Here's some advice about getting into the big two that's a little less 'be yourself' and a little more 'prepare like so'. I graduated from Oxford a couple of years ago and while I was there I worked at University open days and for my college as an interviews chaperone. I know the system, and in my next three posts I'll reveal what you need to do to get in.
Although 'special consideration' seems to imply a specific and tailored approach to each individual's needs, in actual fact there are blanket specifications every candidate must qualify for in order to receive it which will differ depending on your exam board, module and subject choice.
A spokesman from the Department for Education said, "It's right that minimum expectations of schools should continue to rise." In addition Michael Gove, the Education Secretary has said in the past that he wants to abolish GCSE's and introduce 'explicitly harder' O-Levels.
Another factor to consider is what specific subjects do universities require for entry? Obvious ones like Medicine require Biology and Chemistry, not so obvious is Mathematics as a pre-requisite for some Psychology courses.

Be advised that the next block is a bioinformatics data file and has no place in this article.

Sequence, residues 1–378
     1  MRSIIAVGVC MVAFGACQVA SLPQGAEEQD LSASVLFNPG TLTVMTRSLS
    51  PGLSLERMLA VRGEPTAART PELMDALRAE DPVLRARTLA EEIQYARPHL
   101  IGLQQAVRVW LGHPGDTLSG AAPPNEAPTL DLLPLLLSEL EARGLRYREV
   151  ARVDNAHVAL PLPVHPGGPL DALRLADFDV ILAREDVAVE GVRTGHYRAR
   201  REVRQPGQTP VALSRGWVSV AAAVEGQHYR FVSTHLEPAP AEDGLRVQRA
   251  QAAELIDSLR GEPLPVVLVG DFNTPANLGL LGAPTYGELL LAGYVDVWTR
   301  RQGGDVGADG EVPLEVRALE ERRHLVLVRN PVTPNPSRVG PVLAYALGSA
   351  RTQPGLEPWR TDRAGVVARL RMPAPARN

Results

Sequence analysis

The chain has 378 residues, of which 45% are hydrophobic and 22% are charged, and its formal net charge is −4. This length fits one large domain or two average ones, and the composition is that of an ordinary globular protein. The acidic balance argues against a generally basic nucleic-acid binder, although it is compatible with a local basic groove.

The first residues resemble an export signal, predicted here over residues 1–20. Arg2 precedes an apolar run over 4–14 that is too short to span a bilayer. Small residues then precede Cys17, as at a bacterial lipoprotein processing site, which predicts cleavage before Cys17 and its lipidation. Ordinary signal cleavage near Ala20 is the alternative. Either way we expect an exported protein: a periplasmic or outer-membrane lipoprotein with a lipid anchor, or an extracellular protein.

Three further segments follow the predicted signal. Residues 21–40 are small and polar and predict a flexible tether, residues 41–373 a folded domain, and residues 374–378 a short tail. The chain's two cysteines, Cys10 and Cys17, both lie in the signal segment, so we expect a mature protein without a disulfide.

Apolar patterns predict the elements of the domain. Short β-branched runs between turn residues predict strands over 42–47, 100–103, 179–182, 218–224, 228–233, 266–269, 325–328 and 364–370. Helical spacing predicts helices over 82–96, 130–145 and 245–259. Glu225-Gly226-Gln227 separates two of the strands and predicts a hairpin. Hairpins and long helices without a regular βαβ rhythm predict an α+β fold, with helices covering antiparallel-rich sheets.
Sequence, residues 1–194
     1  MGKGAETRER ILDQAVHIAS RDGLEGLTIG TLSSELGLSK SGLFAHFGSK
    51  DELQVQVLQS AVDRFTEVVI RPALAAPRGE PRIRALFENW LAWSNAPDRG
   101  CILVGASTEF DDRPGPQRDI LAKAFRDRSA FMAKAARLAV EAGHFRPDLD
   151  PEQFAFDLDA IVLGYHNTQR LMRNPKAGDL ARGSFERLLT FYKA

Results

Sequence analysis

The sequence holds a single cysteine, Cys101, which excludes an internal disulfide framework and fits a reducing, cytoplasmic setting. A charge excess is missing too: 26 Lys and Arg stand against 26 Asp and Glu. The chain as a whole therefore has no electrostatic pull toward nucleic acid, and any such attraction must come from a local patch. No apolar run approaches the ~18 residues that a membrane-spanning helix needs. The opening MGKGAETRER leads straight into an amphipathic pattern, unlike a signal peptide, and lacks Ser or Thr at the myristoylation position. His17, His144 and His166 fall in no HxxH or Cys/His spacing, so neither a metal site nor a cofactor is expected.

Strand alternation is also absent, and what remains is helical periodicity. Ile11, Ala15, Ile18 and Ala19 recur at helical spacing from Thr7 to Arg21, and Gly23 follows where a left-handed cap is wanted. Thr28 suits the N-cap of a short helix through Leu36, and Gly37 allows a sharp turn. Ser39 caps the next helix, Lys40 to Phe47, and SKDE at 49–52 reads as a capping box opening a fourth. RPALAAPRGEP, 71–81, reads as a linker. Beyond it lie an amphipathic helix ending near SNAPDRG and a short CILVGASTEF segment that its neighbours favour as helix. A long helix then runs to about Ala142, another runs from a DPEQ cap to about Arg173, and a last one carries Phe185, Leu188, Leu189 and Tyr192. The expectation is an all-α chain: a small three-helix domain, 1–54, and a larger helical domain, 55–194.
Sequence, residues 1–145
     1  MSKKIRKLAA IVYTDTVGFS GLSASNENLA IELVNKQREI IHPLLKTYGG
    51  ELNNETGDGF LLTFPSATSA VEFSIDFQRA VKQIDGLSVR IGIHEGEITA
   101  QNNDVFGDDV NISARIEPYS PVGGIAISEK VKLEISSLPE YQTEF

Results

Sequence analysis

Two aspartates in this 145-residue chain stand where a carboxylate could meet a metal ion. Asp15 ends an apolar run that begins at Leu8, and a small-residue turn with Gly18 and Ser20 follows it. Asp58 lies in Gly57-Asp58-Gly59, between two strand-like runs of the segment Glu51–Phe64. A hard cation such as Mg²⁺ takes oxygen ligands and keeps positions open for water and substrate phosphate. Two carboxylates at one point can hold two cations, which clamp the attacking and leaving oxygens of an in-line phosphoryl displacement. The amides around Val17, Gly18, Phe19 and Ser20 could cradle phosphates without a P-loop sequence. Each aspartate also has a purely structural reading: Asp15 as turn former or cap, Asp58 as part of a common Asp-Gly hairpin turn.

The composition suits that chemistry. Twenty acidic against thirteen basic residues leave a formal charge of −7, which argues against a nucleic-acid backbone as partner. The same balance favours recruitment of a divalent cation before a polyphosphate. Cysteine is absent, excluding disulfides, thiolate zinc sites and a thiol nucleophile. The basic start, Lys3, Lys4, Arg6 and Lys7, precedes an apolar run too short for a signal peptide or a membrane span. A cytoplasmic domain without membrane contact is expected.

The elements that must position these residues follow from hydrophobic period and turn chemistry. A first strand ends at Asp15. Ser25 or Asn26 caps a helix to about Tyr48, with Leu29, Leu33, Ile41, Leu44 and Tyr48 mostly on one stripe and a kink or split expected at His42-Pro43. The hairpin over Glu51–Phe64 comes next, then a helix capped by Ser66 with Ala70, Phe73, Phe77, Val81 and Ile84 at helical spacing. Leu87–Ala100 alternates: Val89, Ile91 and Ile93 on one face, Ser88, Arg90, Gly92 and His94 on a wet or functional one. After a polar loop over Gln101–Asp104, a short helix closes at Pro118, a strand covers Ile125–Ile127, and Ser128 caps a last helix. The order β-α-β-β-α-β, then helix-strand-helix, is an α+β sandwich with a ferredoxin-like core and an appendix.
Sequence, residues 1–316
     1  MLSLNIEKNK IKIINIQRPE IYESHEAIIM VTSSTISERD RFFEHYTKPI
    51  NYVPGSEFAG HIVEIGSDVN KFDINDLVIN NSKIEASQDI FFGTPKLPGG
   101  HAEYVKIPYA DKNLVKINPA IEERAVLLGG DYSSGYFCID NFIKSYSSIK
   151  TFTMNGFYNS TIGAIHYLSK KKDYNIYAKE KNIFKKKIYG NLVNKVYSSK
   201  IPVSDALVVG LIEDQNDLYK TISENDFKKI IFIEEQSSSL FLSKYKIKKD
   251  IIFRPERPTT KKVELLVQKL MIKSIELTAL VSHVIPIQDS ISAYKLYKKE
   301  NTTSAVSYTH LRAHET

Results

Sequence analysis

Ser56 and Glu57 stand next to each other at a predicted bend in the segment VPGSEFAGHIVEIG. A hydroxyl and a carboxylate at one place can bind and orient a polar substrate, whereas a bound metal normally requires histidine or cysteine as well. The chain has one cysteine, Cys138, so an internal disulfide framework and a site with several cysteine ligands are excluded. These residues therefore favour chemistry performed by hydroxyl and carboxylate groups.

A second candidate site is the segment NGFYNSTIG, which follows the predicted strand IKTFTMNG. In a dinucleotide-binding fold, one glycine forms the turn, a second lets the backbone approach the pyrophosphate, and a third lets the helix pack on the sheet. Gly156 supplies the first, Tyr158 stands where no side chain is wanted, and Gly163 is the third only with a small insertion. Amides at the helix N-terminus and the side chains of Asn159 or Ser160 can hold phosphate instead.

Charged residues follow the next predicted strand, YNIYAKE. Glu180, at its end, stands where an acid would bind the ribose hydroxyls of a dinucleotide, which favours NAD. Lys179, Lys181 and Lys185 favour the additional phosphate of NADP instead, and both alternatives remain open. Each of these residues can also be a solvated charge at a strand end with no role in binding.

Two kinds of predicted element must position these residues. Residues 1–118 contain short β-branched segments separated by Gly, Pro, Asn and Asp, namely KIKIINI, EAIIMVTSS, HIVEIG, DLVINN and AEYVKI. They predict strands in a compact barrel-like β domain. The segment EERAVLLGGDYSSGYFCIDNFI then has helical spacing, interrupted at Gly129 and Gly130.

For me, being an engineer is about putting science to work for the benefit of society. Being chosen as one of the Make it in Great Britain '30 Under 30' gives me the opportunity to describe what a career in manufacturing is really about. If you want to make society better, you should consider a career in manufacturing as one of the most rewarding ways to do it.
For some students opening their A-level results last Thursday it was a day of jubilation. Those managing to secure places at university will now spend the summer excitedly anticipating the beginning of Fresher's week and the next chapter of their lives. However for others, this may be a time of considerable uncertainty. As news emerges on the increasingly competitive nature of clearing and demand for university places continuing to outstrip supply, it is more important than ever for students to consider all the options available to them.
The salient issues are simply supply and demand - are we supplying the right number of graduates for the labour market? And of appropriateness - are we producing the right kinds to meet the needs of the labour market?
By not having good results, it changed my life entirely by leaving me to make my own decisions to go where I wanted, when I wanted and how I wanted. The freedom of doing what I wanted to do was a great spur.
On results day itself the UCAS system used by universities and colleges to process applicants experienced technical problems that meant those institutes weren't able to process decisions for over three hours.
Were you watching yesterday's live A Level results day webchat with David Willets on the Telegraph's website?